2. Falling in love with a social network carries with it the danger of getting your heart broken when it walks out on you. That’s exactly how I’m feeling as I await the inevitable (if unknown to us) lights-out date. The photography community alone has enriched my life immeasurably, and some of us are scrambling to establish other social homes for our collaborative photo projects. So far, the best bets appear to be recreating the projects as purpose-built blogs and Websites. It won’t be the same, and we’ll lose the constant inflow of new participants, but at least we won’t lose each other.

    1. Yes, I’m coming to the conclusion that it comes down to a publishing platform to hold your content (be that articles or photos or music or whatever) and then a discovery platform for reach people and drawing them to your creations.

      We have good solutions for the publishing. They were basically what we had before the centralization that occured with the social web (i.e. blogs). I think Solid could bring us back to that as well. The thing we haven’t yet figured out is what to do about the discovery challenge.

  3. No good news, unfortunately, but your analysis tastes very bitter though true +Gideon Rosenblatt . I can’t stop thinking about the lost chances in the ages of the weigh of SocialMedia rising. It’s barely to understand the reasons neither the backgrounds and circumstances which lead to the hard decision. We users feel betrayed for our energy angagement time and enthusiasm we put in here. Still, I feel the loss and like homeless future.
    Hope to meet you and folks here on other platforms 🙂

    1. Yes, there is some bitterness, Monika. Part of it is the frustration for all the personal time and energy poured into this platform and part of it is the sense of how that multiplies out across thousands of people who trusted in a platform like this. I wish there were an easy answer for where people can regather.

  4. “Don’t build your home on rented properties” is my mantra.
    I am building my own community on my own site around people that I like, and I’m helping my clients do the same.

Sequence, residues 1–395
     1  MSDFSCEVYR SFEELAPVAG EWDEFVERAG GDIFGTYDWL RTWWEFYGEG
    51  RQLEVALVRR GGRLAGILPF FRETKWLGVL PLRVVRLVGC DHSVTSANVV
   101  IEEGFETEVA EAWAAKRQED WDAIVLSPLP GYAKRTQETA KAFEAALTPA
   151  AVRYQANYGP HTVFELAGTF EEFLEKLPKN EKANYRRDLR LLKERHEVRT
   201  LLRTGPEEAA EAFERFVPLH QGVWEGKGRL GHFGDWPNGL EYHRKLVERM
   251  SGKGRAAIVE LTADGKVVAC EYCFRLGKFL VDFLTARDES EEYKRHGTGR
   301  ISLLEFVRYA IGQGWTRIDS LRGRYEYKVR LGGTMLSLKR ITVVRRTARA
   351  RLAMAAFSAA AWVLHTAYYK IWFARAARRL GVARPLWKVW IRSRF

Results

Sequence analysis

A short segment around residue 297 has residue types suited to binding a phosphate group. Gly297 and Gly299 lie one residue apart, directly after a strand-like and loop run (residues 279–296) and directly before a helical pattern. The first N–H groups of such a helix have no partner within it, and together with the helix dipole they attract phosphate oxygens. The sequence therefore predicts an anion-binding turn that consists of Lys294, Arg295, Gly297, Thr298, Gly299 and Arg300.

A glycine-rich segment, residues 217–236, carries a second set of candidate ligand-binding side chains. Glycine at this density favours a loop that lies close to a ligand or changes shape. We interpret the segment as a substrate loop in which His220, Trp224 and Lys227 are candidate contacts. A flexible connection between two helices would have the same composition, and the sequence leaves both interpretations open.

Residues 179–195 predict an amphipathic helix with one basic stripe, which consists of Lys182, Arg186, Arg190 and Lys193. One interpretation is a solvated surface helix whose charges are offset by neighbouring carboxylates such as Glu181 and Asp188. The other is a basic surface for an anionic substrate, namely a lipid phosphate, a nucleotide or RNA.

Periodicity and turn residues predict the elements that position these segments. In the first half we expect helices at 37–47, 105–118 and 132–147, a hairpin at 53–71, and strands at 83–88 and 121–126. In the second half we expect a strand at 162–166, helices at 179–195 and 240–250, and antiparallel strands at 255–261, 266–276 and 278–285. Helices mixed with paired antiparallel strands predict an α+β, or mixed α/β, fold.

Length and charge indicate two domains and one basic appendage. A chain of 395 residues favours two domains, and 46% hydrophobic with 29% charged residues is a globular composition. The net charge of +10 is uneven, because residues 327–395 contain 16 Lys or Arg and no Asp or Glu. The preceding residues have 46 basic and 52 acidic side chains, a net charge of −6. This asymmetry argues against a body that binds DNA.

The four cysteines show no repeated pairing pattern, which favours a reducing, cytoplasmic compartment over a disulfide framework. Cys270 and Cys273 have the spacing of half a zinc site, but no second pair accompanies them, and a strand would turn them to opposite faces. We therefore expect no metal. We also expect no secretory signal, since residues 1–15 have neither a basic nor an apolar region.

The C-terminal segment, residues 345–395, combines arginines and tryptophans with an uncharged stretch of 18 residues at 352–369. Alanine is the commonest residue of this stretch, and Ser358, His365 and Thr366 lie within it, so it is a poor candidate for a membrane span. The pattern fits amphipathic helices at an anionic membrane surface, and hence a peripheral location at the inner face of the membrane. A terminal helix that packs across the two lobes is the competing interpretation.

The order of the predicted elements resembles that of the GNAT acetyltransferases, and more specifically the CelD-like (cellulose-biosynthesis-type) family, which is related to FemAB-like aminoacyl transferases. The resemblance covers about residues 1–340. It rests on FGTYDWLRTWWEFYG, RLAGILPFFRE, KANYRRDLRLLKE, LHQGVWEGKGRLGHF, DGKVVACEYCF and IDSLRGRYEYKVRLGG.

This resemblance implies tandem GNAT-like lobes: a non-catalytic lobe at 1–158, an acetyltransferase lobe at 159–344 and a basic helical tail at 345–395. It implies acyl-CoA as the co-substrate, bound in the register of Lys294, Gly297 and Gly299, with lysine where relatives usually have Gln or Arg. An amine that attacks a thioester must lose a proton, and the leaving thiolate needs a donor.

5. Gideon – well written summary with an insider’s perspective, and thank you for not using the word “Ghost Town” once.

    What Google doesn’t realize is that they are permanently damaging their brand with their lack of commitment and lack of care for their customers. As a CEO , I’ve had several “New Google Offerings” contact me in the last 6 months to “help” me with new services they can provide me (Recruiting and Brand Positioning).

    I have such a sour taste after Google Wave / Google + that I doubt I will ever trust that corporation with any mission critical business process.

    1. Thanks for the kind words. And, yes, Jeffrey, they have wildly underestimated the fallout still to come over the loss of trust for something this big. Killing Google Wave or Google Reader is one thing, but users were able to recover relatively easy from those shutdowns. Destroying social graphs is another matter entirely.

    2. Google created a money machine with AdWords. Everything else, it’s like King Midas in reverse, they damage literally everything they touch. They bought Orkut just to murder it.
      Google hire bright people and for the most part, have them doing stupid things.

      I’ve backed away from anything Google and wish I could back away from Android development, that’s been an uncoordinated mess forever. I fully expect Google to screw up GMail and GSuite and no longer recommend either to my clients, though I wish I could.

      Google have become a parody of themselves. I do not believe their excuses about the insecure G+ APIs.